Bruce in Nashville

May 5, 2011

Bruce is back home, but still writing up his journey. Here’s his account of Nashville, and his encounter with untamed music and the joys of Beale Street:

Our road trip has been completed. We have been home a month, having travelled 7,985 miles. There has been a lot to do to catch up and repair what went undone at home while we were travelling. Now that I have some time, I wish to return to my growing travelogue in order to fill in some of the gaps.

On our trip west, we hit Nashville on a Friday night. It would have been easy enough to drive around it, but I insisted we drive in. Ms Keogh was reluctant, tired, wanting to continue on until the next Hampton Inn where she could bathe and sleep, needing to recover from the long drive. I could not bear being so close to this iconic town and not venture nearer. Pleading with Ms Keogh, she acquiesced to allow me to just drive through. I was taking it one step at a time, hoping by inches that if she saw things first hand, it might spark her interest. The next step would be to convince her to park and visit a club, where I would drink and we could listen to live country music.

Nashville was not the town I imagined it would be. Several city blocks presented us with neon signs. It was like Times Square in miniature. We drove up and down those few blocks jam-packed with young people, boisterous and drunk, dressed like cowboys and cowgirls, and on the prowl for the kind of action that didn’t interest us. I remembered that county music was not my favorite. I re-evaluated my belief that the Nashville experience could broaden my musical interests, yet the city streets of Nashville on a Friday night felt like the wrong approach. This society was about partying and not an in-depth examination of a genre of music in its natural environment. Or maybe it was, yet we drove on. We avoided Nashville all together on the return trip.

Memphis was a different story. We passed through Memphis twice. On our way west it was in the afternoon. We paused in the city briefly, but didn’t stay. There was the Mississippi River beckoning us to cross. It was a desire for accomplishment, to enter the west half of the continent and feel we had travelled far and were truly someplace remote, nearly foreign. Although the South was somewhat foreign, thick with churches, slower in speech, the west had an altogether different landscape.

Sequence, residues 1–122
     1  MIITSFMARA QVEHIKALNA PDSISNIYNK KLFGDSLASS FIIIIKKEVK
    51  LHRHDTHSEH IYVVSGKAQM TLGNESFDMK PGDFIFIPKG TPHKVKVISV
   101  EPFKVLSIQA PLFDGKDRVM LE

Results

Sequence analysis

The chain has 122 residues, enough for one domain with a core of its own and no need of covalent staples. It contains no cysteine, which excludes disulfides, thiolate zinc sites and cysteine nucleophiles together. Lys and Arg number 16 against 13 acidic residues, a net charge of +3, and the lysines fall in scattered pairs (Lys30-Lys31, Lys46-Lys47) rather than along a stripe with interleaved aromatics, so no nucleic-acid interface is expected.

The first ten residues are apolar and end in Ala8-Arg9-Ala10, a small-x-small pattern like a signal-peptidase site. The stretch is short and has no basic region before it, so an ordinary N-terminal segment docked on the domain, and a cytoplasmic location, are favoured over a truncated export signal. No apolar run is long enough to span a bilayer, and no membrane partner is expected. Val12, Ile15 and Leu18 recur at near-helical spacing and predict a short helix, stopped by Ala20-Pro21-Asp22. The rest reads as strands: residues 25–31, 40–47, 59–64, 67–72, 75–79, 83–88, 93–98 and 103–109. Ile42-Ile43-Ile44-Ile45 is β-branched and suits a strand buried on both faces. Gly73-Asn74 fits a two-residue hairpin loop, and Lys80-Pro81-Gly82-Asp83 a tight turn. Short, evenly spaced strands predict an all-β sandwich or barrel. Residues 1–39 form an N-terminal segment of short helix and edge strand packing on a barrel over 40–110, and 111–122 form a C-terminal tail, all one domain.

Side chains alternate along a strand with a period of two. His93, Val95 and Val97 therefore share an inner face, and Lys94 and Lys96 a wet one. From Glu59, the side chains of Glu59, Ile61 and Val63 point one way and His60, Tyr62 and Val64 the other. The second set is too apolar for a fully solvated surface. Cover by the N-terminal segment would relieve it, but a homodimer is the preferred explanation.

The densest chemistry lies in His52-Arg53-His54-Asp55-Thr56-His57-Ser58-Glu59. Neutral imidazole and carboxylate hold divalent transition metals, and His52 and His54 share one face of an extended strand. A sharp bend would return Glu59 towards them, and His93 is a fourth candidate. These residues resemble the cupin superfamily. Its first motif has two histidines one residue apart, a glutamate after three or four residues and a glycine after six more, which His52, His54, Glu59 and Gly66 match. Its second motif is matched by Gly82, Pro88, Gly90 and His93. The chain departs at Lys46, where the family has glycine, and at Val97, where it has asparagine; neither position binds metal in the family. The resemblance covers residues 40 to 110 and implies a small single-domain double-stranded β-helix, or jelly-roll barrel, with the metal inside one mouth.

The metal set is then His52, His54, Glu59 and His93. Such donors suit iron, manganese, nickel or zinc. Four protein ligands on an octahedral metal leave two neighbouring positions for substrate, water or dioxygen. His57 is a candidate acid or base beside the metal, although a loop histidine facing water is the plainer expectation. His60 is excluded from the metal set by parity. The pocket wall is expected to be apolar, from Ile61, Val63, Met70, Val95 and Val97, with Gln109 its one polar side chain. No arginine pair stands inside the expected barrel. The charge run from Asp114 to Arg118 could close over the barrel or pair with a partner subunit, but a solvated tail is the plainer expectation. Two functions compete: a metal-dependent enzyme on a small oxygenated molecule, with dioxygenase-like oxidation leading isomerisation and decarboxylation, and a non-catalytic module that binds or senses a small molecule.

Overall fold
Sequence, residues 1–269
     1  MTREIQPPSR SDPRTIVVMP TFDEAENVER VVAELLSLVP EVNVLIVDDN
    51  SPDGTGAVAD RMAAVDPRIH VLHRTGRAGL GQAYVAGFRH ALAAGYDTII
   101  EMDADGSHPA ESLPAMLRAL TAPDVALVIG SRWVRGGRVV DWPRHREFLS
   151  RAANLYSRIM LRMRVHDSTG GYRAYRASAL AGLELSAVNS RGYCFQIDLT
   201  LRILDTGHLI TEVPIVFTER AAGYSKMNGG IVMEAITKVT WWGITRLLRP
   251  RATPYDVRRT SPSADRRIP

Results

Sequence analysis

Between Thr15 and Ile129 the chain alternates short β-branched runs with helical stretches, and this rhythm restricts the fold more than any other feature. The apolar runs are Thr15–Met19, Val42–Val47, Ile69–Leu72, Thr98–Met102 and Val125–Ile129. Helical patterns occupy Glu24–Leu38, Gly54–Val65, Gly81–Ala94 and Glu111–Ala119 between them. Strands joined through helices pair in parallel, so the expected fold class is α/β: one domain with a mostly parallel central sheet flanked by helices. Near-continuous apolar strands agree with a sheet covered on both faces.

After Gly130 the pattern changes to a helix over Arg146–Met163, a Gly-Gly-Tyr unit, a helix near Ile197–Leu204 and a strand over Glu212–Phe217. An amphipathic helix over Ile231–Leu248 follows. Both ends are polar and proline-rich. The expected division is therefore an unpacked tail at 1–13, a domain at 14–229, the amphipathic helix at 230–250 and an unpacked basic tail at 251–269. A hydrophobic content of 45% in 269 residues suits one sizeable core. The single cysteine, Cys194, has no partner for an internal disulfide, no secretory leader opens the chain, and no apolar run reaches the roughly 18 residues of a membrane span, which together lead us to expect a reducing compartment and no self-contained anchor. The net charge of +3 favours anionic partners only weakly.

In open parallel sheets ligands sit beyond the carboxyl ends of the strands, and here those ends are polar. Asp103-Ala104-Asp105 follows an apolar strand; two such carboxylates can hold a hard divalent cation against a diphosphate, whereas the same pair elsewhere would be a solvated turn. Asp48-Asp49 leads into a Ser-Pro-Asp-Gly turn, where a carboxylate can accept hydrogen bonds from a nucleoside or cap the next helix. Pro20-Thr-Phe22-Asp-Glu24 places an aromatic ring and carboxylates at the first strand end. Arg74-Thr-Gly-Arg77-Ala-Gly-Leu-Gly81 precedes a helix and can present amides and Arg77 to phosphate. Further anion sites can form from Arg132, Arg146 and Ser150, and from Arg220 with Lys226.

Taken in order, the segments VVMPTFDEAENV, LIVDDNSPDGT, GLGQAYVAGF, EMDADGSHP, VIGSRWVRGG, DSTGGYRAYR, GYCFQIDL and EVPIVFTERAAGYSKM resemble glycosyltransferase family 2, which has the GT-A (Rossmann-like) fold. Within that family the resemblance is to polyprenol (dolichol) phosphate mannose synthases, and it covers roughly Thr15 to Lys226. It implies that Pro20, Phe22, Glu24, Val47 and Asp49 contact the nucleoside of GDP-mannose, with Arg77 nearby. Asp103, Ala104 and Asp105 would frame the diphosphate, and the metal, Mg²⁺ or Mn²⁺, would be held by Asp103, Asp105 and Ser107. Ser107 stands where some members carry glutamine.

It was a completely different story coming back. We crossed the Big Muddy to return to “our” half of the continent and if felt like a homecoming. This time we stopped and that night, before going to bed, we took ourselves downtown. We walked along Beale Street, lined with bright clubs, their doors opened and live music flooding the mucky night. I picked B.B. King’s Blues Club, the original of what would become a chain of clubs, because B.B. King was the only visible name on Beale Street familiar to me.

What the live band performed that night was more rock ‘n’ roll than blues. While I was impressed with the skill of the musicians, the music hurt. Everything was amplified. In that small space there was no need for the volume, certainly not to the extent that it caused distortion. Even the brass section had microphones to make their instruments louder. There was no need, yet this practice is typical of clubs elsewhere and is the reason I don’t enjoy going to most clubs. I had put my “old-man” prejudices aside to experience the fashion and still could not get past my disappointment.

The disappointment extended to the menu. Ms Keogh and I split a rack of their ribs. They were okay. They should have been more than okay. I ordered BB’s Blues Brew. I was presented with a pint of murky beer, translucent but not transparent, yellow with a green hue. I managed only a few sips. I told the waiter that while I liked B.B. Kings music, I did not like his beer. The waiter was good enough to take it away and bring me a glass of reliable Yuengling, Pennsylvania’s own lager.

After finishing our meal, we didn’t stay for the band’s next set. We made our way back to our hotel and were that night a little sick.

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